So again, Congratulations Steve, Bravo, Bravo, the community applauds you.

Mike Zeman

Redwood Valley

* * *

RE ISLAND MOUNTAIN HOME INVASION, an on-line comment:

“It will stop when we form our own militias, with road stops and ID checks. Since our roads are private, we can pull their ass out of their rigs to check them. And why let them in? Every village, especially along 101, should be protected from these thieves. How many home invasions occur in wine country? Those winery owners have big bucks. Do they get invaded like here? We need village training for invasions, even have drills. It will only take a few punks blown away, and this problem should slow down. or, you can be killed, or severely hurt, and call the sheriff, who is an hour away. The govt is not the answer, private security and lead is. There are private security firms all all over the place, who patrol and can arrest. Just deduct their fee from your property taxes.”

* * *

* * *

ACCOUNTABILITY

Editor:

To curb police violence, make them accountable to “we the people,” not each other. I should be able to go to my local law enforcement websites and click on any officer for the number of times her or she drew or fired a weapon and see any complaints filed.

If I see a problem, I could petition my City Council for action. The council could review and vote, and if the officer was found to be a menace, the council could decide he or she shouldn’t be on a beat with a murder weapon and a billy club. Then, internal affairs could, if they want to, fire or transfer the officer.

The police aren’t capable of policing each other. It’s a big brotherhood of bullies who confuse silence for integrity, enabling other officers in breaking the law. We the people should be able to hold them accountable, as officers are we the people, too.

“But we’ll be afraid to do our jobs.” They have the power of life and death and should be afraid to do their jobs and held ultra-accountable to the people they’re supposed to serve and protect. If cops served and protected we the people the way they serve and protect each other, I’d certainly feel a lot safer.

Scott Pappas

Fort Bragg

* * *

CATCH OF THE DAY, Dec. 23, 2018

JAMES BROWN SR., Redwood Valley. Failure to appear, probation revocation. (Frequent flyer.)

MARCUS DUMAN, Ukiah. Manufacture/sale of leaded cane or similar, controlled substance, paraphernalia, over an ounce of pot. (Frequent flyer.)

SHAWN DUNAKIN, Ukiah. DUI.

CASEY GOODRICK, Ukiah. DUI.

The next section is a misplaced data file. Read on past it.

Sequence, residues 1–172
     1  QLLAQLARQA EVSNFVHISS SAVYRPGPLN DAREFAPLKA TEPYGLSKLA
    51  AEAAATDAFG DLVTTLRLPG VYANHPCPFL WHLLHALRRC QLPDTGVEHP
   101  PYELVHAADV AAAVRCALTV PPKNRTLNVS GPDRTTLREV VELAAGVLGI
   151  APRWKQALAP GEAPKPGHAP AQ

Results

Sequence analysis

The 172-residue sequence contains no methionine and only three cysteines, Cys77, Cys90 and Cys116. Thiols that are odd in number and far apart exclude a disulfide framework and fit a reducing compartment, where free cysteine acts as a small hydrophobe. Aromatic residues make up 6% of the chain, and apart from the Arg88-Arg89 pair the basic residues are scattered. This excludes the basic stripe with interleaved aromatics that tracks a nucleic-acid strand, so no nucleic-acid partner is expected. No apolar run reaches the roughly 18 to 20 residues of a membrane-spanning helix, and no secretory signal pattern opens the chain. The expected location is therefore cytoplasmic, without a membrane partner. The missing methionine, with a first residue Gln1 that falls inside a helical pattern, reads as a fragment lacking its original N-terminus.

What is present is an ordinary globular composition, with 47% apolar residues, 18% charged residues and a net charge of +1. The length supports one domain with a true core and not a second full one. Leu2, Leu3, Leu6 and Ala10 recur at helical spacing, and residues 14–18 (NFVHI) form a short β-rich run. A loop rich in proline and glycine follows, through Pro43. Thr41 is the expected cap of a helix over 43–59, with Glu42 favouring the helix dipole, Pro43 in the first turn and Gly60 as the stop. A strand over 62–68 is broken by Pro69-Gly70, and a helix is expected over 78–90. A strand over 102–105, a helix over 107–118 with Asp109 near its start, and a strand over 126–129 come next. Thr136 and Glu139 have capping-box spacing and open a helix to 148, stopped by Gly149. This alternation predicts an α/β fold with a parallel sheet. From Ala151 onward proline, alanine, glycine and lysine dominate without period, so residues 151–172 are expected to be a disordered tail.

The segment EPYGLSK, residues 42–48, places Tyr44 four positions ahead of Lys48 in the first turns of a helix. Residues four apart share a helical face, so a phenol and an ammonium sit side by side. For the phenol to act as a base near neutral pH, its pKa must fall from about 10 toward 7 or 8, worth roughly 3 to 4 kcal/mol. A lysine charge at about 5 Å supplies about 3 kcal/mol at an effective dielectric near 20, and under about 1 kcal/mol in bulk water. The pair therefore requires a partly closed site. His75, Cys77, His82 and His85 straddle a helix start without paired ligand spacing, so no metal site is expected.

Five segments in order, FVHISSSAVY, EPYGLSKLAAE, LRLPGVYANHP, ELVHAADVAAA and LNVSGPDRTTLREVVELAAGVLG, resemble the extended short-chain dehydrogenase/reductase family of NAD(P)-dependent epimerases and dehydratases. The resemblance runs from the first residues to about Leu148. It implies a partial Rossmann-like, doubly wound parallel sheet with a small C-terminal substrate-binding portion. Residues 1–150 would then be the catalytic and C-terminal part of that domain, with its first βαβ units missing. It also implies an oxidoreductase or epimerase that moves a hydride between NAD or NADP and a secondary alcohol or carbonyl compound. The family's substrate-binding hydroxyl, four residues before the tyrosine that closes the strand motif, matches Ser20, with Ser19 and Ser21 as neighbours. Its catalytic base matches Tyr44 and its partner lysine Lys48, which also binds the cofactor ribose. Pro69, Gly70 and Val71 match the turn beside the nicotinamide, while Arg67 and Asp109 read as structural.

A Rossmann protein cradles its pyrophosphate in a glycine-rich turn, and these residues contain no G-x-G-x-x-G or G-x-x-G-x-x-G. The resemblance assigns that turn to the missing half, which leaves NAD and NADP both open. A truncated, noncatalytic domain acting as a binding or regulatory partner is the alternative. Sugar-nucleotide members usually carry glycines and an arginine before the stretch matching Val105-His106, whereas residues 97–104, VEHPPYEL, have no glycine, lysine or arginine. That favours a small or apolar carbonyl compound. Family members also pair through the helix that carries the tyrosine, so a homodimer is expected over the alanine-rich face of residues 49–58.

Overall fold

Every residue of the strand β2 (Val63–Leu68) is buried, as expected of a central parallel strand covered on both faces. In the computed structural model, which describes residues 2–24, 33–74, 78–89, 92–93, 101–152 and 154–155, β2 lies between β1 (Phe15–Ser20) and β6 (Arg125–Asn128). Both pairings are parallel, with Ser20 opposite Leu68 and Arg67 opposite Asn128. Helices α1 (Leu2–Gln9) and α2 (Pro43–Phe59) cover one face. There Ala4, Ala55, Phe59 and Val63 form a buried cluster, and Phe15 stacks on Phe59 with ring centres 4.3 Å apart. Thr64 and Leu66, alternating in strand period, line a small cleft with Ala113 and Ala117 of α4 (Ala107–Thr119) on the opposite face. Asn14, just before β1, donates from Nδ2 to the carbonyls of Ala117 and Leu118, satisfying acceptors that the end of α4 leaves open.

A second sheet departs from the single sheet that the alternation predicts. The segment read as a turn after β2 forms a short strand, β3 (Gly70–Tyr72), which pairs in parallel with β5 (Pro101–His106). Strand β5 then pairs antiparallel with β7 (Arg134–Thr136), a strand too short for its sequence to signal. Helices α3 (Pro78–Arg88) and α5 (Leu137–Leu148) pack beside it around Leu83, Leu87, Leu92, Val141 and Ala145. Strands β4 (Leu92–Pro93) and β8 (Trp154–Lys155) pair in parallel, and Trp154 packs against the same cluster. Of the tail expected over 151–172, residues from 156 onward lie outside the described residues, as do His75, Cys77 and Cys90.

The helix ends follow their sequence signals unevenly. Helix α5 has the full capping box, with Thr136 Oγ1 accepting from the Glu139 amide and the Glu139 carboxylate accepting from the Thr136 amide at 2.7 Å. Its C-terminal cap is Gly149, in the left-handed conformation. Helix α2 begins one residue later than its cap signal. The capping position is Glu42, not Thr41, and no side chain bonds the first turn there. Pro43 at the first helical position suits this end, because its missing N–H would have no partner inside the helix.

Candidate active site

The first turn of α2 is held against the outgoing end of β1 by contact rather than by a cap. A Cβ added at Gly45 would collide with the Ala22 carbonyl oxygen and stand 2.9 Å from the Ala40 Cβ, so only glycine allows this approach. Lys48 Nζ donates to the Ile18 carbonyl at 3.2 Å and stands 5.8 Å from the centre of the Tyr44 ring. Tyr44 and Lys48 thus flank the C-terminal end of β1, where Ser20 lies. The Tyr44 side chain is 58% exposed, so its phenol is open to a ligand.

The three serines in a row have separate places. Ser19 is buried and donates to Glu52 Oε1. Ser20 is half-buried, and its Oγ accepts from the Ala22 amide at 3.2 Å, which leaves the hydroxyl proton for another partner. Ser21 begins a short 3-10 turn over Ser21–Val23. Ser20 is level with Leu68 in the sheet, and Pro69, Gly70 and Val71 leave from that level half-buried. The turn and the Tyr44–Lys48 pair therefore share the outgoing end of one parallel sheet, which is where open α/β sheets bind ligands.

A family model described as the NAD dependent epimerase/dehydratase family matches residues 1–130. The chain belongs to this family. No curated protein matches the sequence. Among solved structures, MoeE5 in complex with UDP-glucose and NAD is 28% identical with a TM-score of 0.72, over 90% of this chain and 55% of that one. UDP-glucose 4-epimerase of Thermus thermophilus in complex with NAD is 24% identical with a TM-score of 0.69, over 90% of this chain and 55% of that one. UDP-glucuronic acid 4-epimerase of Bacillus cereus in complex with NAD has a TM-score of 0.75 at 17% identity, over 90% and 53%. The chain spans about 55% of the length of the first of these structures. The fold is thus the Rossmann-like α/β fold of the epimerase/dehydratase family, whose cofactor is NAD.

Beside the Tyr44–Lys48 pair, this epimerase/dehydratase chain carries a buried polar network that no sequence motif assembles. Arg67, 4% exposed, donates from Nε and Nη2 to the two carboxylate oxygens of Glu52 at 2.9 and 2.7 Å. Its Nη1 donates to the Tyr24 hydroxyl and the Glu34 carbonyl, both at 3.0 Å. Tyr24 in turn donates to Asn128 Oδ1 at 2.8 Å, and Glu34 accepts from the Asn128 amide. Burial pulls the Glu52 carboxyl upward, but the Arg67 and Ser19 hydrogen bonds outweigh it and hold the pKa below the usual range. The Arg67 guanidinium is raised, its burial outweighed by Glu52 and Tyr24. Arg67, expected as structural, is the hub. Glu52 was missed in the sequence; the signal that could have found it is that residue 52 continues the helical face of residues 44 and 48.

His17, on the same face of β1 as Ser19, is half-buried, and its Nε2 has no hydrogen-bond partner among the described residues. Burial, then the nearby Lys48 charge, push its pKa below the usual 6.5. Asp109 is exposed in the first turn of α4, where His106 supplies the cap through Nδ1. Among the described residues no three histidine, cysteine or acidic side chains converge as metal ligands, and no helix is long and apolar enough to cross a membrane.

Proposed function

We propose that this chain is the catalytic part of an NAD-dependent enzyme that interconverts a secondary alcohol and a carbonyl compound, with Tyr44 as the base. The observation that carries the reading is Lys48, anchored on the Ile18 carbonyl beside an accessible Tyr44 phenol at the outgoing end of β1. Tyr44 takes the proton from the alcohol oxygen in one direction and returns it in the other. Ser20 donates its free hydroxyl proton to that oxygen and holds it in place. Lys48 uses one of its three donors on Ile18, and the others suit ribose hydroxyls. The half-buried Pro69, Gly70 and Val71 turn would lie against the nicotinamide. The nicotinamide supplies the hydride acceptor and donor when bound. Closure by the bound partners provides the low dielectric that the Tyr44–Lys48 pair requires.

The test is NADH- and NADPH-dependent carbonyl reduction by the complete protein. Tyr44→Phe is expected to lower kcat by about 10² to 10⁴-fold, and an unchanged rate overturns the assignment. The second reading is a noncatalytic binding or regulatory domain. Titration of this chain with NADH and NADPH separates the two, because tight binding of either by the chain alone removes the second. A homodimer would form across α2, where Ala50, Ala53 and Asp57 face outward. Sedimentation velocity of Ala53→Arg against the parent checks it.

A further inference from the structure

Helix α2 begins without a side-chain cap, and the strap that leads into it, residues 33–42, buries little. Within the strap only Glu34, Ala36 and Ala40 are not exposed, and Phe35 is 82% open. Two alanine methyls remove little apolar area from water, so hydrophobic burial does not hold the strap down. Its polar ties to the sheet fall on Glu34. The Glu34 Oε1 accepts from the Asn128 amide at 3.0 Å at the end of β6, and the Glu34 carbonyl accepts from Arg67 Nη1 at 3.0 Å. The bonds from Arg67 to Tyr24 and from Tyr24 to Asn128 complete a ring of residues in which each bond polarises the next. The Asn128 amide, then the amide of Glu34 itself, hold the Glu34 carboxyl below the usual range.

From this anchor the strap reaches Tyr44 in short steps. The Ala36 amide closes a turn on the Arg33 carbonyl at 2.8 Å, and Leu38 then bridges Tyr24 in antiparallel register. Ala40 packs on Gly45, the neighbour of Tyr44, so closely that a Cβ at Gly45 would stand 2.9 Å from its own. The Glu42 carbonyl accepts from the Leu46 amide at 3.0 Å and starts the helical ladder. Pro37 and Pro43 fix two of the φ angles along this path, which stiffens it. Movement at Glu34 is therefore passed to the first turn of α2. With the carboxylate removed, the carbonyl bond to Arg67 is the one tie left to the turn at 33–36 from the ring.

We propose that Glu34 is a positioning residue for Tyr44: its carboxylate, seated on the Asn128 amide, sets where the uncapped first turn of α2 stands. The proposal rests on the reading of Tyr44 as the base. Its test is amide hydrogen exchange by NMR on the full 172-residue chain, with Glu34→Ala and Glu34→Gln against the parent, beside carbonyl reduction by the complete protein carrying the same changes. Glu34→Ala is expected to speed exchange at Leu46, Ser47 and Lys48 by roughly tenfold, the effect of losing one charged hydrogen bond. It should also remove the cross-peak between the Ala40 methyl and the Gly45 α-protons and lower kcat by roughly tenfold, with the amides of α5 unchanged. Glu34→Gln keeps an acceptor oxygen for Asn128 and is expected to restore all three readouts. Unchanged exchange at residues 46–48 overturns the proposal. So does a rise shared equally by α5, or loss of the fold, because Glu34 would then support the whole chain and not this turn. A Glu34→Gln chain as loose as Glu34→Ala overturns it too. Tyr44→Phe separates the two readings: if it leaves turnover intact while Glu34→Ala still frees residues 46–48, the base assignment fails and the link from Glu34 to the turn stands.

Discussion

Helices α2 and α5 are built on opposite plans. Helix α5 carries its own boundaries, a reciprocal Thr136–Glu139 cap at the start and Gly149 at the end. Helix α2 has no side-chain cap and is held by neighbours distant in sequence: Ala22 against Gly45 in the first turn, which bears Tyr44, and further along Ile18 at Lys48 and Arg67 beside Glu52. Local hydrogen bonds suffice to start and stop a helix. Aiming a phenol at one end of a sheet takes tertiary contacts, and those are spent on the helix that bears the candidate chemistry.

TEYA HERNANDEZ, Hopland. DUI.

JOHN LOGAN JR., Albion. Probation revocation.

SCOTT MAINGI, Ukiah. Disobeying court order.

CHRISTOPHER MANGRUM, Willits. Disobeying court order.

BRYAN MARTIN, Ukiah. Disobeying court order.

EARL MARTIN, San Francisco/Ukiah. DUI-alcohol&drugs.

JARRETT NELSON, Ukiah. DUI, no license, license suspended for DUI.

JACOB PARKER, Ukiah. Disobeying court order, misdemeanor warrant.

DANIEL SANCHEZ, Redwood Valley. Appropriation of someone else’s property without trying to return it, controlled substance, controlled substance where prisoners are kept, paraphernalia, community supervision violation, county parole violation.

EDWARD SANKOVICH, Covelo. DUI-alcohol&drugs.

NATHANIEL SECKER, Santa Rosa/Ukiah. Probation revocation.

EDWARD STEELE JR. Ukiah. Probation revocation. (Frequent flyer.)

ROBERT VALADEZ, Ukiah. Probation revocation.

MEGAN VANHORN, Fort Bragg. Controlled substance for sale, transportation of controlled substance, probation revocation.

MALISSA WARNER, Ukiah. Parole violation.

AMICA WETZLER, Ukiah. Concealed dirk-dagger, offenses while on bail.

* * *

TWEET FROM ALEXANDRIA OCASIO-CORTEZ: “Next time we have a gov shutdown, Congressional salaries should be furloughed as well. It’s completely unacceptable that members of Congress can force a government shutdown on partisan lines and then have Congressional salaries exempt from that decision. Have some integrity.”

* * *

I CANNOT, AND DO NOT LIVE in the world of discretion, not as a writer, anyway. I would prefer to, I assure you! It would make life easier. But discretion is, unfortunately, not for novelists.

— Philip Roth

* * *

ON LINE COMMENT OF THE DAY

I think Trump is giving it one last roll of the dice, winner take all. He has nothing to lose at this point; the swamp is getting ready to throw him and his family, including Barron, in prison.

Pulling the troops out of Syria and also adding Afghanistan is the biggie. Bigger than the wall that’s for sure. The last man to have challenged the Military Industrial Complex was assassinated in Dealey Plaza on a sunny day riding in an open top convertible.

* * *

* * *

ADAPTING TO CLIMATE CHANGE

Editor:

In a recent letter to the Santa Rosa Press Democrat, Josh Silva proposes a vegetarian diet as the answer to global warming. He claims that animals are responsible for 51 percent of greenhouse gases and animal industry has destroyed 91 percent of the Amazon rainforest. He seems to imply that we should kill all animals. I don’t want to rain on his parade, but humans release methane also. And if they eat a high-fiber and beans diet, they emit more methane. Methane is underground and under the oceans and is being emitted in increasing amounts from the Arctic Ocean. It is released by decomposing plant life.